Priebke, Erich, born 29-07-1913 at Hennigsdorf which was then in the Kingdom of Prussia. Little is known of his early life but he told interviewers that his parents died when he was young and that he was reared mainly by an uncle before earning a living as a waiter in Berlin, The Savoy Hotel, London and on the Italian Riviera. Then from 1936 he worked for the Gestapo as an interpreter and because of his knowledge of Italian he was based in Rome from 1941. Priebke married Alicia Stoll and with her, he had two sons: Jorge, born in 1940 and Ingo, born in 1942. Priebke was among the forces sent by Adolf Hitler to secure Italy from allied invasion in 1943.The massacre of Fosse Ardeatine
took place in Italy on 23-03-1944, 33 German soldiers (members of an SS military police battalion from South Tyrol) were killed when members of the Italian Resistance set off a bomb close to their column, and attacked the soldiers with firearms and grenades while they were marching along Via Rasella, in Rome. This attack was led by the Gruppi di Azione Partigiana (GAP) . Adolf Hitler is reported, but never confirmed, to have ordered that within 24 hours, ten condemned Italians were to be shot for each dead German.
Commander Herbert Kappler in Rome quickly compiled a list of 320 prisoners to be killed. Kappler voluntarily added ten more names to the list when the 33rd German died after the partisan attack. The total number of people executed at the Fosse Ardeatine was 335, mostly Italian. The largest cohesive group among those executed were the members of Bandiera Rossa (Red Flag), a non-mainstream communist (Trotskyist) military resistance group, along with more than 70 Jews. On 24 March, led by SS officers SS Sturmbannfuhrer Karl Hass and Erich Priebke,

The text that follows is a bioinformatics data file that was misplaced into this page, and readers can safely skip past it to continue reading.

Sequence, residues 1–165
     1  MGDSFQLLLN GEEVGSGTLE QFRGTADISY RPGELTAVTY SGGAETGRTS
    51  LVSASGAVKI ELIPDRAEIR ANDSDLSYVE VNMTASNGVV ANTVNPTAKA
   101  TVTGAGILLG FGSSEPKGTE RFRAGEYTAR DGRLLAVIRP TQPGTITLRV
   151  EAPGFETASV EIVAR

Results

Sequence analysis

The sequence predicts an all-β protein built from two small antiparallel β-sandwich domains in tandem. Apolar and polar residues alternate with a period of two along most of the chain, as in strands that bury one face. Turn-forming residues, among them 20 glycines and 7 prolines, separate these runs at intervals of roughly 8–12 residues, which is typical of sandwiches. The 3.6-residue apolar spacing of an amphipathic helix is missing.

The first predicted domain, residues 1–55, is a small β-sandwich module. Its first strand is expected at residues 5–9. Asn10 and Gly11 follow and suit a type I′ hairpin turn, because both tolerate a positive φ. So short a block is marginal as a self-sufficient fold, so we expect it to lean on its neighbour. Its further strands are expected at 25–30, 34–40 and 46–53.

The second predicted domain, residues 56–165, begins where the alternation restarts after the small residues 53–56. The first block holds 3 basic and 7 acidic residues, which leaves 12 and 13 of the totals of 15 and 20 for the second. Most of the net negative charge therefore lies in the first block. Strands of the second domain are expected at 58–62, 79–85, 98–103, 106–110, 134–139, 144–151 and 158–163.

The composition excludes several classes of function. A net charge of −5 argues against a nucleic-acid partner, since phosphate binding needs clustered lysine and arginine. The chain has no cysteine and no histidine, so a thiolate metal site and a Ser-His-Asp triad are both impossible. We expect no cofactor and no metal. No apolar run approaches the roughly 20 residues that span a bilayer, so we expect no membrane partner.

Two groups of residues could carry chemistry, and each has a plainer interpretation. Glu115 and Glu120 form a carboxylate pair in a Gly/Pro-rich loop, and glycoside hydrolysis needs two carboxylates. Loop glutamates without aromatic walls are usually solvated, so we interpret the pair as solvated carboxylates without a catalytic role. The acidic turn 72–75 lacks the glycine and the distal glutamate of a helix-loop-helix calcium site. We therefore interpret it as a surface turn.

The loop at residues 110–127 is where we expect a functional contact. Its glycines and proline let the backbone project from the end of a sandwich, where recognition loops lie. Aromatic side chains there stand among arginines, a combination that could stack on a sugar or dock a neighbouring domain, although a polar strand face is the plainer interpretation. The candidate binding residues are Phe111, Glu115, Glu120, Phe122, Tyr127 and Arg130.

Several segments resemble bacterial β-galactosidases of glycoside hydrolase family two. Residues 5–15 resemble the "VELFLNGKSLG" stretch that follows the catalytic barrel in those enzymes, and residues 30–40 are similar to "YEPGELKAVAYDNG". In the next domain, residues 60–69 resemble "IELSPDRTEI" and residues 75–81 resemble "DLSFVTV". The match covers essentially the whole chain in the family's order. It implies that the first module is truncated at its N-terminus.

, the victims were killed inside the Ardeatine caves in groups of five.The victims were led into the caves with their hands tied behind their backs and then shot in the neck. Many were forced to kneel down over the bodies of those who had already been killed. During the killings, it was found that a mistake had been made and that five additional people who were not on the list had been brought up to the caves. With 75 Jews among the victims, the Ardeatine caves massacre is the largest single murderous episode of the Holocaust in Italy. In post-WWII trials, Priebke was set to be tried for his role in the massacre, but he managed to escape from a British prison camp in north-eastern Italy in 1946. Two years later, Erich Priebke got help from ODESSA and fled to Argentina where he lived for more than 50 years. In addition to the massacre, Priebke is thought to have participated in the deportation of 6.000-7.000 Jews from Italy to Auschwitz concentration camp, and to have tortured political prisoners. ODESSA, the Organization of Former SS Members (“Organization Der Ehemaligen SS–Angehörigen”), was an organization founded in 1944 with the express purpose of helping Nazi members flee Europe and escape justice. In San Carlo di Bariloche in Argentien he lived a pretty happy life with his wife Alice, who died in August 2004. In 1994, Priebke felt it was safe to talk about the incident and was interviewed for a story by American reporter Sam Donaldson of ABC News. In the interview, Priebke told about his role in the massacre and also excused his actions by saying that he only followed orders from the Gestapo chief of Rome, Leutnant Oberst Herbert Kappler. Priebke also told Donaldson that the victims – from 14 year old boys to 75 year old men – were nothing but terrorists. He admitted that it was he who compiled the lists of those going to be executed. Donaldson’s report proved how little remorse Priebke felt for his actions. Following international outrage, Argentinean authorities arrested Priebke